To not want to be called Filipino due to your religion is the height of stupidity. If you really desire to return to your "roots", then you would have become an Animist, a Hindu or a Buddhist.
About Philippines
Read the Article at HuffingtonPost

The Philippine Bus and Miss Universe

How do you rid a country of systemic corruption?

Campaign for Human Rights and fight to strengthen the Justice system in the country.

Philippine Jury International

Campaign for Human Rights in the Philippines

There are various groups involved in activism and we are doing our bit in the fight. The entrenched power groups of the Oligarchs in the Philippines are outnumbered and we will win in the end.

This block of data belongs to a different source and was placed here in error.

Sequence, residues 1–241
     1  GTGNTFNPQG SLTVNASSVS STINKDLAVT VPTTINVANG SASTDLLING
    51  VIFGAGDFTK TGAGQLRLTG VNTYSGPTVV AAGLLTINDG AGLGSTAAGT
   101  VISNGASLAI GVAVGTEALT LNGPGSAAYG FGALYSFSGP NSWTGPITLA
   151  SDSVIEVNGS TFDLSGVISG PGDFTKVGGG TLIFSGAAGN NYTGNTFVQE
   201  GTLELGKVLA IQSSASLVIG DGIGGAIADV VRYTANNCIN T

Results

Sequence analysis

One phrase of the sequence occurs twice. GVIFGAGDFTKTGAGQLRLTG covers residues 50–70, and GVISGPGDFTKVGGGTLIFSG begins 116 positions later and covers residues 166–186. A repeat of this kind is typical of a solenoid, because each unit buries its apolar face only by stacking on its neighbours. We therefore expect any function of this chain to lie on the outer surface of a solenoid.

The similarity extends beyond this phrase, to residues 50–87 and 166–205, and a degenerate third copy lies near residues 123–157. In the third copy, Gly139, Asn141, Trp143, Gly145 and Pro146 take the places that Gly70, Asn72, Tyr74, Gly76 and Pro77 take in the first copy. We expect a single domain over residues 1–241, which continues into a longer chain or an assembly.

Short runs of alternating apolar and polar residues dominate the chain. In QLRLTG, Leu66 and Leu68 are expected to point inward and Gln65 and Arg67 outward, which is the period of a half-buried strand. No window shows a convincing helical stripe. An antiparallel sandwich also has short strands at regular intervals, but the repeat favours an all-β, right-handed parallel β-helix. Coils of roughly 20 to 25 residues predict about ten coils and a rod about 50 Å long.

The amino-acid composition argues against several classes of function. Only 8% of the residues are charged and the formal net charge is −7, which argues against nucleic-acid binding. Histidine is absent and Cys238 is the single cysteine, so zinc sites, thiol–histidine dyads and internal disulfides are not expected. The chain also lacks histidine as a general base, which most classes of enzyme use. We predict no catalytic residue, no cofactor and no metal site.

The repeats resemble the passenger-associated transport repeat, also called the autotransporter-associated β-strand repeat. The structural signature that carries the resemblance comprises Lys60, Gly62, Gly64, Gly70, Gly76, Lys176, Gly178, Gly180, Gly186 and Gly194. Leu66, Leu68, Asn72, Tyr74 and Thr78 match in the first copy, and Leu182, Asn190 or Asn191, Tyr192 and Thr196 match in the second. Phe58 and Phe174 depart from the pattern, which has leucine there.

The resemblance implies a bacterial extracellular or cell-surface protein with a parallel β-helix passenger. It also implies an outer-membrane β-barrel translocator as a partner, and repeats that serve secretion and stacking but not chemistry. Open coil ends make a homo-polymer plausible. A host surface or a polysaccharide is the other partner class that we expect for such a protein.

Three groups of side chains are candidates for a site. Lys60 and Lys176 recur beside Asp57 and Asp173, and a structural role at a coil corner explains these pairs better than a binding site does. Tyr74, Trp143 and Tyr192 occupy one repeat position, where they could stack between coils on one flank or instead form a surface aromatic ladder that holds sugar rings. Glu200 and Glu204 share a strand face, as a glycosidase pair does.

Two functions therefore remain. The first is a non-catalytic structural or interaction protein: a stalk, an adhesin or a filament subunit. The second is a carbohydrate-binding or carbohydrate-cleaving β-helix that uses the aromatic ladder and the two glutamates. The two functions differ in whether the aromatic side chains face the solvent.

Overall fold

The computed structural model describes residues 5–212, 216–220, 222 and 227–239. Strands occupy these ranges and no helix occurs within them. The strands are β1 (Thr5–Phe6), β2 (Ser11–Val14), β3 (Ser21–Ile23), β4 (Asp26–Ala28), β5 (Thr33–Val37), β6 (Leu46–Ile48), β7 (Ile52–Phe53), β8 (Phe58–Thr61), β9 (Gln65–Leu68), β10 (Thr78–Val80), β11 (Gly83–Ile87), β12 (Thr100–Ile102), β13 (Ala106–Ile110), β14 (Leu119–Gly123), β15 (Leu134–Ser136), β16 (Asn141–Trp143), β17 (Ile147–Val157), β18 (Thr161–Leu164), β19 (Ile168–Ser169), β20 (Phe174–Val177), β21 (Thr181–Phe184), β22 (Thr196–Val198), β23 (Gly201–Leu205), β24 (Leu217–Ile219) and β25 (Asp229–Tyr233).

About Philippines
Read the Article at HuffingtonPost

Why has Philippine media given Gloria Macapagal-Arroyo a honeymoon period?

Why has the Philippine media given Gloria Macagapal Arroyo a honeymoon period?

with the same vigor that the public hounded President Benigno Aquino III, demanding to know what he was doing while a busload of Hong Kong tourists were being held hostage. The public deserves to know what Arroyo was doing on the day 57 people including journalists were massacred by some of her closest political allies on November 23, 2009.

Questions asked by people like Trixie Cruz:


I was wondering why there is no national outrage that she is still walking around free. Why is there no national outrage that those who opposed Gloria Arroyo are still either in jail or suffering the effects of blowing the whistle on her? I suppose its also because the executive must take the lead. 

  • Where are the investigations?